On the recommendation of one of our PhD students, I spent some time at the Pousada Uacari, which is connected with the Mamiraua Institute, an organizational set up in the 1980s to conserve an area of the Amazon that was under threat from logging and fishing companies.  A number of the region's wildlife were affected negatively by this, notably the Uacari, a primate that was near extinction until this programme began.

Thirty years later and the Uacari is thriving again and the local communities have both ownership of the fishing industry and the capacity to feed and grow their populations. The focus of the research here remains the conservation of the natural habitat but there is so much more that they do, including health and education programmes.

The idea of conservation has defined a lot of this trip for me and I have thought a lot about how that concept may have evolved since its rise in prominence in scientific disciplines in the 1970s. It emerged clearly out of a range of disciplines and is intimately connected to the rise of wider environmentalism which defined that period.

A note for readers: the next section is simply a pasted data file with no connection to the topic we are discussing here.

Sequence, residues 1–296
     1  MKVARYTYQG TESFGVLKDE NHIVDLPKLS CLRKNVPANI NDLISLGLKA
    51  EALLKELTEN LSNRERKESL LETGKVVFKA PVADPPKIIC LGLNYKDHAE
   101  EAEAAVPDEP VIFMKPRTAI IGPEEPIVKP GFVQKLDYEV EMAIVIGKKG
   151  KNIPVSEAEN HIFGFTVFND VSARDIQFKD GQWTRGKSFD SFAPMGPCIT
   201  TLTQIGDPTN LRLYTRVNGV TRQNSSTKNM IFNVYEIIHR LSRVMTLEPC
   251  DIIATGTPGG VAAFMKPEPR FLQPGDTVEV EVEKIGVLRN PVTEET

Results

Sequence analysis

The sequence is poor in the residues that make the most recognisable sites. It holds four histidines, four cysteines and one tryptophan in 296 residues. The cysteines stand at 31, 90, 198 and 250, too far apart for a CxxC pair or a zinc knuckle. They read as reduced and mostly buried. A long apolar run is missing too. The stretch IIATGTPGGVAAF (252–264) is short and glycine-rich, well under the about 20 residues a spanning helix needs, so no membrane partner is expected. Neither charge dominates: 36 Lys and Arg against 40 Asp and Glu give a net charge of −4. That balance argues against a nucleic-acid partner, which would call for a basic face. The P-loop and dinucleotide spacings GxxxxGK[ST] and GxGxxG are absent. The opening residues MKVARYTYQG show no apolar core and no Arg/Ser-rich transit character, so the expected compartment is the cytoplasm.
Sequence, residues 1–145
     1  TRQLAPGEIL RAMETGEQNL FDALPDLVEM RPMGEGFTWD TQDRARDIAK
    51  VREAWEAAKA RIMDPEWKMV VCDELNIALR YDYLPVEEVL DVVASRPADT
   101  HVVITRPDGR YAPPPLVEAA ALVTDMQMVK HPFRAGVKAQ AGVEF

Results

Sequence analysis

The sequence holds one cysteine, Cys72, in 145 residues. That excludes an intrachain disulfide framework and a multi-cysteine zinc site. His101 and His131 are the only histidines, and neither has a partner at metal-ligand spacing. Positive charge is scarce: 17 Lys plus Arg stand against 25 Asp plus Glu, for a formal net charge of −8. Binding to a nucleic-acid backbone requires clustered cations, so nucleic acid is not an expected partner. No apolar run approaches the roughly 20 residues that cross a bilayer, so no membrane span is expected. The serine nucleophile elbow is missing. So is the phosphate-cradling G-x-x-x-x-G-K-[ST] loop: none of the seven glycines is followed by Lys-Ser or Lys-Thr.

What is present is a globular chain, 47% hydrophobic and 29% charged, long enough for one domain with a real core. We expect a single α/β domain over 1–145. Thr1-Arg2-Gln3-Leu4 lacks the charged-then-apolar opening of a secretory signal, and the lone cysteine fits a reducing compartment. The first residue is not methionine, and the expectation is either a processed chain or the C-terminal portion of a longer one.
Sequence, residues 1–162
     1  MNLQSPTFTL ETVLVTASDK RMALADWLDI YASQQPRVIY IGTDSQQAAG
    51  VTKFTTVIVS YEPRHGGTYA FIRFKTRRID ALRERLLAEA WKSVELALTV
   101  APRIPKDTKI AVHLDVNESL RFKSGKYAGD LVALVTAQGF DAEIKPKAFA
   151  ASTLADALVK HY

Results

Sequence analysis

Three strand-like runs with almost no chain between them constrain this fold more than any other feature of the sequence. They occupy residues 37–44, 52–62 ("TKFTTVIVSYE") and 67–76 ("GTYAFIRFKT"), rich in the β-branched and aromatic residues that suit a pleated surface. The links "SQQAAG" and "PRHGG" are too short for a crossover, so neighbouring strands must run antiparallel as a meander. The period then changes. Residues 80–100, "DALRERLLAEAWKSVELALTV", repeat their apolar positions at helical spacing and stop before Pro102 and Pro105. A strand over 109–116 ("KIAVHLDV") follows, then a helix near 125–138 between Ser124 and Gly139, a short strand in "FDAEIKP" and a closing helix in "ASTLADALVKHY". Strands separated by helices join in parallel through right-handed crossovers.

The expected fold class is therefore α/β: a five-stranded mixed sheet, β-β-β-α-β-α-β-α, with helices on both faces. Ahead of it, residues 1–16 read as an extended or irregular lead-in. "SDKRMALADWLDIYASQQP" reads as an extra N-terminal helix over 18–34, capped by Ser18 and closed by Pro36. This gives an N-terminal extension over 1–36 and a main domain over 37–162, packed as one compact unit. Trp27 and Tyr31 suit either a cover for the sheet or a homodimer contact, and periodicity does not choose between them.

Many of the techniques used to underage conservation research are quite primitive, involving experimentation with mimicking conditions in the wild so as to understand whether it is possible to use captive breeding or growing as as step towards a more natural repopulation.

In this sense, science and technology are servants to nature, their aim s imitation not displacement. Alternatively,  science is used to measure and monitor, with a view to establishing things like fishing quotas or simply an understanding of how populations are being affected by human behaviour.

The question I leave here with though has to do with that concept of conservation and how compatible it is with population growth and how much it may have changed over the last 40 years. This seems a nice starting point for a new line of inquiry for me which resonates with the aspirations biotechnologists have for nature. There seems something on obviously incompatible about the two approaches, but reaching this conclusion depends heavily on where one ends up with the definition and meanings of the word conservation.

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